- A number of affidavits have been filed and, save for one of a neighbour, have not been seriously challenged. Indeed, the respondents today, in addition to only challenging the affidavit of one neighbour, did not seriously challenge any of the other material relied on by the council and tendered no material in support of their position. What Mr Dwyer did though, without reference to any direct evidence, was refer to six points. The first was to do with the lighting, in that what Mr Dwyer said, as I understood it, that the emission levels of the lighting of the type shown in exhibit 1 at pages 10, 11 and 12, do not exceed an acceptable level. That point is really of no consequence. The real issue is, whether or not what has occurred on the roof is permitted at law.
- Associated with that was another point associated with the question of lighting. Reference was made to a part of the roof being used as a bar facility. Mr Dwyer said that is not the case at all, and that the area that has been referred to as a bar, is in fact a shelter, designed in particular to protect the lift doors. Again, having to determine whether there is a bar there or not is irrelevant. The point is whether what is occurring on that roof is lawful or not.
- The second point that was raised was that the roof, having been covered with artificial grass, is no different to a backyard. Mr Dwyer rhetorically asked:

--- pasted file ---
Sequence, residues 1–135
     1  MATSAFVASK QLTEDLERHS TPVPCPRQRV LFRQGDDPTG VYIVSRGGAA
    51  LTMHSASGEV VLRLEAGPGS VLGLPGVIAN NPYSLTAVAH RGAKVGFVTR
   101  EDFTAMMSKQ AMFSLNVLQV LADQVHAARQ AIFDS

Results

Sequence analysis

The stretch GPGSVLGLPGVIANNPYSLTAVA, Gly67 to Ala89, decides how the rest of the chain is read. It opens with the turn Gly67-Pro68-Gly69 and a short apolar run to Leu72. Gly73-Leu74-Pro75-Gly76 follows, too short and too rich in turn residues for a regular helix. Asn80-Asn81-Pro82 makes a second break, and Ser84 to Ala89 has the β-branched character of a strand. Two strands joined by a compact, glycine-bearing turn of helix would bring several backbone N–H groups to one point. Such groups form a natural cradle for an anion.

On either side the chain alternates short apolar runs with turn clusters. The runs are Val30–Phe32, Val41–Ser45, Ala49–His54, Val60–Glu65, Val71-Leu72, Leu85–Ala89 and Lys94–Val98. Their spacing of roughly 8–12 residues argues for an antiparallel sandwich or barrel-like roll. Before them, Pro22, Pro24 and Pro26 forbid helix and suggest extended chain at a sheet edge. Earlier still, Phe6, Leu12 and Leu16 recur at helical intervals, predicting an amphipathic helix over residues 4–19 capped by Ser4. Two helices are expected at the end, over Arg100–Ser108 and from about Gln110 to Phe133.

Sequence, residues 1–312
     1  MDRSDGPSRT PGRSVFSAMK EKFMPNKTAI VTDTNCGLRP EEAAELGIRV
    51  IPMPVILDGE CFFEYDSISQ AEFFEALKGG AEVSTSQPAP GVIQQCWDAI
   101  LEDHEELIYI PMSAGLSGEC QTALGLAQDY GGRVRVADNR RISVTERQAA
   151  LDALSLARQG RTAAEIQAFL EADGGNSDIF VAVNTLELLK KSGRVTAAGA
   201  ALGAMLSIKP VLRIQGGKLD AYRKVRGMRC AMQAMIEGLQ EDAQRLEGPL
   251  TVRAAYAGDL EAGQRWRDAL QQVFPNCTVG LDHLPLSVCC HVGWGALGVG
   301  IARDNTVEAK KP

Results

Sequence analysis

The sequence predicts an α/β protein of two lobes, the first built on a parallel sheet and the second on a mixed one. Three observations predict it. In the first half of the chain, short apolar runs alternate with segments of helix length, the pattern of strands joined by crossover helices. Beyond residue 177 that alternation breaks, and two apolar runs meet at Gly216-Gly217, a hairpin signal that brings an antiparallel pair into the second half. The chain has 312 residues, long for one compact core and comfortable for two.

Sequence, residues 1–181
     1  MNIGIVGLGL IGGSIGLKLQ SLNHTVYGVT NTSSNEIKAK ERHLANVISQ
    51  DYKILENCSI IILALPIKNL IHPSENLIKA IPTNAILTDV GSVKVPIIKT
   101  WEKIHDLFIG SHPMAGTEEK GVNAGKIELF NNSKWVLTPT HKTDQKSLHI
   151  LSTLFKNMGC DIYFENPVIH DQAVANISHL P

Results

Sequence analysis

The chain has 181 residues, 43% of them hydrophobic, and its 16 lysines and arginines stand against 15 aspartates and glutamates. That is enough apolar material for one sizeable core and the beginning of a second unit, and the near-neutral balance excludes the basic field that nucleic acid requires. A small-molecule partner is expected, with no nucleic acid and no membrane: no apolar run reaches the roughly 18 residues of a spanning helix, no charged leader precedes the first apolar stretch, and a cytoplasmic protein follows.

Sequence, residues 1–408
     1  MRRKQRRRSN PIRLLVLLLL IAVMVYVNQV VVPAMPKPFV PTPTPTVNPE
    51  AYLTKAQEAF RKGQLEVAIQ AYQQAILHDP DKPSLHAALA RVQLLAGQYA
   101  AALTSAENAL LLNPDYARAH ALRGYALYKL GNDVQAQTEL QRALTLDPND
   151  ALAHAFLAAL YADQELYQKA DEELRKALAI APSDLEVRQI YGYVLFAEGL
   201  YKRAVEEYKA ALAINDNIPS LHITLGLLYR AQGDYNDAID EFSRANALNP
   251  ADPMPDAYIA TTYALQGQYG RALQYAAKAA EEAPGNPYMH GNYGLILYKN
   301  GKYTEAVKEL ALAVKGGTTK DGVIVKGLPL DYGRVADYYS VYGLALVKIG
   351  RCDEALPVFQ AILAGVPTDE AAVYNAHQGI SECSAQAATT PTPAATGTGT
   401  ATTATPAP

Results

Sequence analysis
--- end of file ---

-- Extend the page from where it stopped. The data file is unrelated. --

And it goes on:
“In a backyard, why wouldn’t it be lawful to play tennis, have a barbecue, play bocce, play darts, and indeed, play basketball?”
- The answer to that rhetorical question may well be that it would not be unlawful. But again, that is simply not to the point. It is not a backyard. What we have here are structures located on the roof of a dwelling, and on that roof, a number of sporting and social-type activities taking place.
- The third point raised was, if the order is made of the type initially sought, it would prohibit the first and second respondents from doing what would otherwise be lawful. Again, it was rhetorically asked – why should we be prohibited from taking a chair and sitting on the roof or taking a beer onto the roof or going to the roof with friends or any combination thereof?
- In that regard, I have some grave concerns about the level of the uses that were prohibited in the council’s first draft of the orders. And, indeed, that has been taken on board by Mr Housten, who appeared on behalf of the council. He now has instructions to make some material difference to the relief sought.
- The fourth point is what Mr Dwyer said in respect of an affidavit filed on behalf of a neighbour. To use Mr Dwyer’s words or to paraphrase his words – he had input into what has been constructed, and according to Mr Dwyer, and this is a direct quote: